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The Senate of Canada building and Senate Chamber are pictured in Ottawa on Monday, Feb. 18, 2019. The government's representative in the Senate concedes it's possible that a bill to expand access to assisted dying may be struck down as unconstitutional by the courts.

Sean Kilpatrick/The Canadian Press

The government’s representative in the Senate concedes it’s possible that a bill to expand access to medically assisted dying may be struck down as unconstitutional by the courts.

But while parliamentarians must be guided by court rulings, Sen. Marc Gold argued Tuesday they also have a duty to try to balance competing rights and interests.

In Bill C-7, he contended, the government has struck a “reasonable and responsible balance” between the autonomy of intolerably suffering Canadians who are not near death and the need to protect the most vulnerable individuals.

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Gold, a former constitutional law professor, gave a lengthy speech in the Senate devoted almost entirely to the constitutionality of the bill. He noted that some senators believe the bill is unconstitutional because it is too permissive, others because it’s too restrictive.

“I understand very well that there are very good arguments on both sides of many of these issues,” he told the Senate.

Gold said court challenges to the constitutional validity of Bill C-7 are “inescapable” but it’s impossible to predict how the courts might rule on it.

“For better and for worse, the courts will continue to be seized with this issue as individuals and groups seek to vindicate their constitutional rights, however they conceive them,” he said.

“But this cannot be a reason for government and for Parliament to abdicate their responsibilities to legislate in good faith and in the best interests of Canadians.”

Bill C-7 is intended to bring the law into compliance with a September 2019 Quebec Superior Court ruling, which struck down the provision that allows MAID only for those whose natural death is reasonably foreseeable.

The bill would scrap the near-death requirement but would retain the concept to create two eligibility tracks for MAID: somewhat relaxed rules for people who are close to death and more stringent rules for those who aren’t.

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The bill specifically prohibits MAID for people suffering solely from mental illnesses, an exclusion some senators believe is a violation of equality rights. Some also believe the more stringent eligibility rules for people not near the end of life are also unconstitutional.

On the other side of the equation, some senators echo the concerns of disability rights groups in contending that the bill is unconstitutional because it singles out people with disabilities as the only ones eligible for MAID when they are not approaching the end of life.

“As any student of the charter (of rights and freedoms) will know, arguments about rights — and especially equality rights — are inherently controversial and predicting how a court might rule is a very risky business,” Gold said.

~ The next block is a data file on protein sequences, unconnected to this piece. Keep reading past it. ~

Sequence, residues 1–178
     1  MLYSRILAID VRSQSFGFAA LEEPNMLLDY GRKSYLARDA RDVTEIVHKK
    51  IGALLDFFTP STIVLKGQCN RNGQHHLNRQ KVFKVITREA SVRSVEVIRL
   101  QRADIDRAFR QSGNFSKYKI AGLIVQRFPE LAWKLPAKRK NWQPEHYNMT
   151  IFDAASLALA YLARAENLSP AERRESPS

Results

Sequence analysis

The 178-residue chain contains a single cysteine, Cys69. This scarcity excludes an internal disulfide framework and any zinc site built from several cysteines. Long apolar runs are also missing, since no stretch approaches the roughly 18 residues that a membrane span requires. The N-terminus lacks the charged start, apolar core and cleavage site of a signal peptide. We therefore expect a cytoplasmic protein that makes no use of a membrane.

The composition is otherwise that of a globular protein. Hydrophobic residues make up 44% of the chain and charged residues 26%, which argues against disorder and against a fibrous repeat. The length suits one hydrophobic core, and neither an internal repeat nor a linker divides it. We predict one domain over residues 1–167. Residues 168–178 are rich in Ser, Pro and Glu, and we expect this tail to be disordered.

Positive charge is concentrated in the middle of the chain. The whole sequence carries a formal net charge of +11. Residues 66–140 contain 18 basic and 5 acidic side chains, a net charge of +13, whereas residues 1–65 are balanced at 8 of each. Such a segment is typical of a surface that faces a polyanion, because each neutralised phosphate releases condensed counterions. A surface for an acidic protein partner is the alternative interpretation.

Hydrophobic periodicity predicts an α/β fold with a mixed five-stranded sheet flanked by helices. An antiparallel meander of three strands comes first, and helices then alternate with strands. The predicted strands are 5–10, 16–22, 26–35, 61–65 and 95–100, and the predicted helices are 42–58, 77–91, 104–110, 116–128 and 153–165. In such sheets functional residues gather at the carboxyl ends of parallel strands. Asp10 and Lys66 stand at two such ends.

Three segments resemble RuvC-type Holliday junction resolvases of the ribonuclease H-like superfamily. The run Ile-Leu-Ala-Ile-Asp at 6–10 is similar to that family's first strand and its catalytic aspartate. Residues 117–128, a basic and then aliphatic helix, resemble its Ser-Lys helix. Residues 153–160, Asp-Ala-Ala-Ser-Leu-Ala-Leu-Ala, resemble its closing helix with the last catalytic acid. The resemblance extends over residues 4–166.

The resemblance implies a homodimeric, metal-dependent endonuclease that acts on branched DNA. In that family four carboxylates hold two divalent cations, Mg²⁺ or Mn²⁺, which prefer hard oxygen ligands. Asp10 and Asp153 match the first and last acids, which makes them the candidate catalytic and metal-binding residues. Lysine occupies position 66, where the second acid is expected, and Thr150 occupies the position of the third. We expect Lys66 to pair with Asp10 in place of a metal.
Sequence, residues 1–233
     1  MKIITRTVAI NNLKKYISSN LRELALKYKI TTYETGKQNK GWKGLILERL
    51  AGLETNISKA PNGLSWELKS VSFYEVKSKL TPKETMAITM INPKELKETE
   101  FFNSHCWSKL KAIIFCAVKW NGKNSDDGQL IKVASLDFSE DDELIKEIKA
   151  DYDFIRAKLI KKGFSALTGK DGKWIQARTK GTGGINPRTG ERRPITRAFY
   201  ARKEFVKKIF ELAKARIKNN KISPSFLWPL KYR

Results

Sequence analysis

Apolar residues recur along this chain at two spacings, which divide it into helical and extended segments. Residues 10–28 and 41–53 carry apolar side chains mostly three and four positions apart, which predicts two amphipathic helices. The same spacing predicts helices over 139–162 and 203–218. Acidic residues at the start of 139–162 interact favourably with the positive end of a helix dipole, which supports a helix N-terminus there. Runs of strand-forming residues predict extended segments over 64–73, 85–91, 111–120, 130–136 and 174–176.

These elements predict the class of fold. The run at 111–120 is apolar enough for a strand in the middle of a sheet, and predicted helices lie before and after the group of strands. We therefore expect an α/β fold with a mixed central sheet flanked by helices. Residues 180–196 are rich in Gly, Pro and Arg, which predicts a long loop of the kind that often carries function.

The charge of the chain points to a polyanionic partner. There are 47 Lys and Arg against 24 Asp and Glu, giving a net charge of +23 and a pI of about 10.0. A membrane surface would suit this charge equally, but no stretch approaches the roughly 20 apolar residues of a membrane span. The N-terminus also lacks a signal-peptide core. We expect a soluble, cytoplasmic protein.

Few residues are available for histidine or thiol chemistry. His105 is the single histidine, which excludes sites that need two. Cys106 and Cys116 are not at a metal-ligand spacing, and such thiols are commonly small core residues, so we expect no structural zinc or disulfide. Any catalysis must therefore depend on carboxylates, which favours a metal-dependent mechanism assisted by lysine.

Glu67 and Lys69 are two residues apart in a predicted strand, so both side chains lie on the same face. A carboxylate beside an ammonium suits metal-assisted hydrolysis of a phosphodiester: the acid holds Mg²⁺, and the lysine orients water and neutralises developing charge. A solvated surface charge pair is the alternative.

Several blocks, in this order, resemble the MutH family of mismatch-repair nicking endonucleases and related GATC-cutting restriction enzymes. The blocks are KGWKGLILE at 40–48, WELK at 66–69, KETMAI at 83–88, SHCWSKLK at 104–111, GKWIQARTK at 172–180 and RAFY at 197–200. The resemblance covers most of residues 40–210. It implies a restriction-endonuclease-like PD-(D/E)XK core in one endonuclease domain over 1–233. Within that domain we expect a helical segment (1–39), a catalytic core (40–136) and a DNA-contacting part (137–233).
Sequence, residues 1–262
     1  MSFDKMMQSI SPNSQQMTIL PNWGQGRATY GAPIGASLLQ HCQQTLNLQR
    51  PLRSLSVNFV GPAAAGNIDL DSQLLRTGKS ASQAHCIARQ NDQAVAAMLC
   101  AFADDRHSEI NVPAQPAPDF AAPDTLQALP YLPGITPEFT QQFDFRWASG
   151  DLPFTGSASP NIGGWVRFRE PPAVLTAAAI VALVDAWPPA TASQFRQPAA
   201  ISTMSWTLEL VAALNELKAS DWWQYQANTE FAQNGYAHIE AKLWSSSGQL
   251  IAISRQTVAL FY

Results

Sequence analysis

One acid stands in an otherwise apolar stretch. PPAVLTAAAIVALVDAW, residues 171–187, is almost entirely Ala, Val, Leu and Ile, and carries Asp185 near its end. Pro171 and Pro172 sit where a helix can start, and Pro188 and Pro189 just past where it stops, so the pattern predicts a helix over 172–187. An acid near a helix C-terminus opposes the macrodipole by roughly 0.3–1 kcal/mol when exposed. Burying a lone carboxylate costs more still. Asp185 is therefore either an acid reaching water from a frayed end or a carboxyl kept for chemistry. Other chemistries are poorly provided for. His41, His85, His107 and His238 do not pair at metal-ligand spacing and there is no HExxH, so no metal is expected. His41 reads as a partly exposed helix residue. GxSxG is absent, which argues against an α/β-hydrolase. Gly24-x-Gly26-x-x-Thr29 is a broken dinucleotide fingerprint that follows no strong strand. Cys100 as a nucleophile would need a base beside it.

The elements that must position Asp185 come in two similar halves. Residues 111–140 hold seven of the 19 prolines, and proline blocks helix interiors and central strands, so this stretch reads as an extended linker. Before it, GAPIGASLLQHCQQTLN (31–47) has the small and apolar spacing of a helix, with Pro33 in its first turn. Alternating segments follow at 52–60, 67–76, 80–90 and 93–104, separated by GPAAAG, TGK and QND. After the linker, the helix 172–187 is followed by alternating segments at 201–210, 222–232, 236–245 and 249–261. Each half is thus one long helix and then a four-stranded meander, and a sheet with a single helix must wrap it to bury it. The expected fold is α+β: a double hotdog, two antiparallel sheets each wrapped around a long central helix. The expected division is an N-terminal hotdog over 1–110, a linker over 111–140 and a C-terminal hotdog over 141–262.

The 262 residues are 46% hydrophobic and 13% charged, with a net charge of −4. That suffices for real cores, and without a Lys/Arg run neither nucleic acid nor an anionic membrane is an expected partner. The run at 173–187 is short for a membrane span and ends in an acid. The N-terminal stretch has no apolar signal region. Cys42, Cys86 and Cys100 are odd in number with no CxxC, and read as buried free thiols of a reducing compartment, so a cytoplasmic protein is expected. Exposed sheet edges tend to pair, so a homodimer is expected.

He laid out the government’s justification for excluding people suffering solely from mental illness, arguing that the trajectory of their conditions is uncertain and that a desire to die can be a symptom of the illness.

He argued that the exclusion can be justified as a reasonable limit on rights, as allowed under the charter, because it is “neither arbitrary, over-broad or grossly disproportionate.”

Still, he acknowledged the possibility that it could be struck down as a violation of equality rights or the right to life, liberty and security of the person, notwithstanding the government’s view.

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“The government is aware that there are strong constitutional opinions to the contrary and that the arguments against this aspect of C-7 are worthy of serious consideration and debate,” Gold said.

“I certainly have wrestled with them, as should we all.”

He promised that amendments to improve the bill would be seriously considered by the government.

Sen. Stan Kutcher, a psychiatrist who is a member of the Independent Senators Group, told the Senate that the exclusion of people suffering solely from mental illness is unacceptable and “dehumanizing.”

“It perpetuates centuries-long stigmatization of those living with mental disorders as incompetent and incapable beings,” he said.

The reasons the government gives for the exclusion apply to people with physical illnesses as well, Kutcher argued, noting that “the presence of a severe and chronic illness is, by itself, an elevated risk factor for suicide.”

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He promoted the idea of adding a sunset clause, giving time for adequate guidelines to be developed for allowing MAID to people suffering solely from mental illness.

But that was “vehemently opposed” by Conservative Sen. Denise Batters, whose husband, former MP Dave Batters, took his own life after battling depression and anxiety.

“I have seen up close the failures of our mental health system,” she said, citing costs, stigma and a lack of resources.

“The answer to those barriers is to fix that system, not to confirm a mentally ill patient’s feelings of hopelessness and offer them the lethal means to suicide.”

Batters also argued that the bill makes people with disabilities “second-class citizens.”

Gold acknowledged the concerns of some senators that people with disabilities can’t make a real choice about ending their lives because they’re not given adequate access to palliative care or support services.

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But while it’s important to improve such services, he said that issue falls under provincial jurisdiction and can’t be addressed through the Criminal Code.

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